13 D’Andre Swift RB Georgia 85.68
14 Mekhi Becton OT Louisville 85.42
15 Henry Ruggs III WR Alabama 85.18
16 C.J. Henderson CB Florida 84.09
17 Grant Delpit S LSU 82.92
18 K’Lavon Chaisson DE LSU 82.39
19 Jonathan Taylor RB Wisconsin 81.79
20 Kenneth Murray ILB Oklahoma 81.78
21 J.K. Dobbins RB Ohio State 81.58
22 A.J. Epenesa DE Iowa 81.43
23 Yetur Gross-Matos DE Penn State 81.31
24 Justin Jefferson WR LSU 81.07
25 Xavier McKinney S Alabama 80.70
26 Trevon Diggs CB Alabama 80.06
27 Austin Jackson OT USC 80.01
28 Justin Herbert QB Oregon 79.98
29 Tee Higgins WR Clemson 79.81
30 Patrick Queen ILB LSU 79.20
31 Antoine Winfield Jr. S Minnesota 78.63
32 Terrell Lewis OLB Alabama 77.66
33 Laviska Shenault Jr. WR Colorado 77.57
34 Ross Blacklock DT TCU 77.09
35 Clyde Edwards-Helaire RB LSU 76.88
36 Zack Baun OLB Wisconsin 76.67
37 Raekwon Davis DT Alabama 76.46
38 Kristian Fulton CB LSU 76.33
39 Jordan Love QB Utah State 76.09
40 A.J. Terrell CB Clemson 75.57
41 Jaylon Johnson CB Utah 75.19
42 Cole Kmet TE Notre Dame 75.05
43 Jalen Reagor WR TCU 75.00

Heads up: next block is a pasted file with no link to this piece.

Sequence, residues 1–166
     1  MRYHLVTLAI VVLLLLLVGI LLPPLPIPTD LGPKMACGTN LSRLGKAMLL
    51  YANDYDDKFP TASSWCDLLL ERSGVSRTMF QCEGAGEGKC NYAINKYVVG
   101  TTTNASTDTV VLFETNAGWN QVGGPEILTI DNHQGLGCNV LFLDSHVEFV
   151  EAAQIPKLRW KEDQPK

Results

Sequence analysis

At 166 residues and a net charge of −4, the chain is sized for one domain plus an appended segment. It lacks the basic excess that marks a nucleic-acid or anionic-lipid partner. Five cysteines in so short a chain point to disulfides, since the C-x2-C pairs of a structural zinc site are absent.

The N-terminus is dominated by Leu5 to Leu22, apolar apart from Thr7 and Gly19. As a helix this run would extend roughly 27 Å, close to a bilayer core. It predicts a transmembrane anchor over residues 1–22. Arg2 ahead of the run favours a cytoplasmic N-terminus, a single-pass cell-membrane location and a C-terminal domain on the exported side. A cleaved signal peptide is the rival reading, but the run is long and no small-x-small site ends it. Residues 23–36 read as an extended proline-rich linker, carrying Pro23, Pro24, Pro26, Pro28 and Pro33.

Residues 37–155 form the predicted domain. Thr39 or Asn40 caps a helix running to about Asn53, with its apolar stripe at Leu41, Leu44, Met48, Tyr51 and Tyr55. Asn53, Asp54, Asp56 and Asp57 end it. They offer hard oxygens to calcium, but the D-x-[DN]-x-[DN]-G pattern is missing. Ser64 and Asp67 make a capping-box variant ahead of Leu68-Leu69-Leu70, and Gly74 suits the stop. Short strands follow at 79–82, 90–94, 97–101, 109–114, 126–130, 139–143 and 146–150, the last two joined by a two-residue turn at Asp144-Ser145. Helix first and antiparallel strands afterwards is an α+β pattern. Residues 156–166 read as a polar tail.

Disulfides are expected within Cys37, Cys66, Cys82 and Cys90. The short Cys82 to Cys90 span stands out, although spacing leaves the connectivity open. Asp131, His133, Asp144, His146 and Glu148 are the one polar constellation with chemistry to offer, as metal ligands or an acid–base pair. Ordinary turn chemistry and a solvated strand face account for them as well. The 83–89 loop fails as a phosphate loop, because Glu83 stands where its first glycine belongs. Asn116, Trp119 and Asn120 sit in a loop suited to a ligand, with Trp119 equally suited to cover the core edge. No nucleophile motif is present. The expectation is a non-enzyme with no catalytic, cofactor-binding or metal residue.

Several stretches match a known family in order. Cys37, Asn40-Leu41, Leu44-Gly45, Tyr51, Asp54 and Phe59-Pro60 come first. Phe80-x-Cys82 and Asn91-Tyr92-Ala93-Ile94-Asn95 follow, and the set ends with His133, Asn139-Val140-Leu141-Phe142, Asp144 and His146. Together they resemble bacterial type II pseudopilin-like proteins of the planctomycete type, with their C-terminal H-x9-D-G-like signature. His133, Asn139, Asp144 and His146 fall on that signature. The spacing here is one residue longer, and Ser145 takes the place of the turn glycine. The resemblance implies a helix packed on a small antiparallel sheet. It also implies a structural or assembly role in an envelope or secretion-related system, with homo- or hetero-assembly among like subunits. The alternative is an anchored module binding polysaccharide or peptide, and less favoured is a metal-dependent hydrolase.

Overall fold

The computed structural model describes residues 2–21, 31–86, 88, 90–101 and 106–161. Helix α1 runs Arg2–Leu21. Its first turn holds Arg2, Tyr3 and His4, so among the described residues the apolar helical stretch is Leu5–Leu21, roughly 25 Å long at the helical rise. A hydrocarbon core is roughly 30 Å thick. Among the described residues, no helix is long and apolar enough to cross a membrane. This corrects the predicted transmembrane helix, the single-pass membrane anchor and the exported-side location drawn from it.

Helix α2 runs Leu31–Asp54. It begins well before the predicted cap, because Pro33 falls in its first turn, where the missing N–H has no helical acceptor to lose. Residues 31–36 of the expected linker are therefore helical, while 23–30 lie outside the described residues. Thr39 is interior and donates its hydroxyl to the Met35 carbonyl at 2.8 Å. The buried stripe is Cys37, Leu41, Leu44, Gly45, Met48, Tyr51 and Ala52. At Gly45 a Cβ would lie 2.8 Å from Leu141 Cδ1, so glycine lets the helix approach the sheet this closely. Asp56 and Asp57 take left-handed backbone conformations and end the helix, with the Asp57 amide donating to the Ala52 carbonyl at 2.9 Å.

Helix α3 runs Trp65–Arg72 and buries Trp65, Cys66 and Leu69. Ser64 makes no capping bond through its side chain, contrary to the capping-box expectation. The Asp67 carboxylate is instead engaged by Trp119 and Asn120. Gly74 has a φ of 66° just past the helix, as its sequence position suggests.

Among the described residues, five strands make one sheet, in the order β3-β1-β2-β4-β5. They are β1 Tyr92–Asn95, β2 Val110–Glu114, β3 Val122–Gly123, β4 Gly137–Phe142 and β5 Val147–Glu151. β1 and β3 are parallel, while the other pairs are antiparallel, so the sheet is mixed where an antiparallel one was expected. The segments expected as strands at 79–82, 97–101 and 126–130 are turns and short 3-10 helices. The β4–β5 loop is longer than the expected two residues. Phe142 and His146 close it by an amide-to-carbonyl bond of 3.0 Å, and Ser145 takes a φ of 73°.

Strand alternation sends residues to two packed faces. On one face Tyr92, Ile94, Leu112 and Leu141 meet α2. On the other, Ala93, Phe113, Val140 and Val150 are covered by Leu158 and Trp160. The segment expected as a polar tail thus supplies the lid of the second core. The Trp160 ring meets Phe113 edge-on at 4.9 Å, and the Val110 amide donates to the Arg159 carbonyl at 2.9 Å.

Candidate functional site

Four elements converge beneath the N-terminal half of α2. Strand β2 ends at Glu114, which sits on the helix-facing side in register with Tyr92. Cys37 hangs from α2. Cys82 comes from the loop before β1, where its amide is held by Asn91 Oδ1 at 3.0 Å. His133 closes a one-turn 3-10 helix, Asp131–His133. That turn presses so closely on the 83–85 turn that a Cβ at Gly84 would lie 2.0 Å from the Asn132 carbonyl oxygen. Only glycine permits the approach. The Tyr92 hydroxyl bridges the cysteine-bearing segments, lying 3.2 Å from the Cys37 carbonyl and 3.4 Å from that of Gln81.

44 Jeff Gladney CB TCU 74.70
45 Cesar Ruiz C Michigan 74.46
46 Damon Arnette CB Ohio State 73.91
47 Josh Jones OT Houston 73.83
48 Jacob Eason QB Washington 73.79
49 Julian Okwara DE Notre Dame 73.79
50 Kyle Dugger S Lenoir-Rhyne 73.63
51 Tyler Biadasz C Wisconsin 73.42
52 K.J. Hamler WR Penn State 73.36
53 Prince Tega Wanogho OT Auburn 72.82
54 Neville Gallimore DT Oklahoma 72.76
55 Cam Akers RB Florida State 72.57
56 Brandon Aiyuk WR Arizona State 72.29
57 Michael Pittman Jr. WR USC 72.28
58 Ashtyn Davis S California 71.60
59 Bradlee Anae DE Utah 70.77
60 Josh Uche OLB Michigan 70.65
61 Ezra Cleveland OT Boise State 70.50
62 Justin Madubuike DT Texas A&M 70.05
63 Albert Okwuegbunam TE Missouri 69.88
64 Curtis Weaver DE Boise State 69.51
65 Noah Igbinoghene CB Auburn 69.33
66 Jeremy Chinn S Southern Illinois 68.84
67 Adam Trautman TE Dayton 68.79
68 Jake Fromm QB Georgia 68.72
69 Zack Moss RB Utah 68.67
70 Jabari Zuniga DE Florida 68.63
71 Isaiah Wilson OT Georgia 68.62
72 Cameron Dantzler CB Mississippi State 68.37
73 Jason Strowbridge DT North Carolina 68.24
74 Harrison Bryant TE Florida Atlantic 67.73
75 Lucas Niang OT TCU 67.68
76 Matt Hennessy C Temple 67.53
77 Bryce Hall CB Virginia 66.81
78 Marlon Davidson DE Auburn 66.78
79 A.J. Dillon RB Boston College 66.40
80 Akeem Davis-Gaither OLB Appalachian State 66.40
81 Denzel Mims WR Baylor 66.16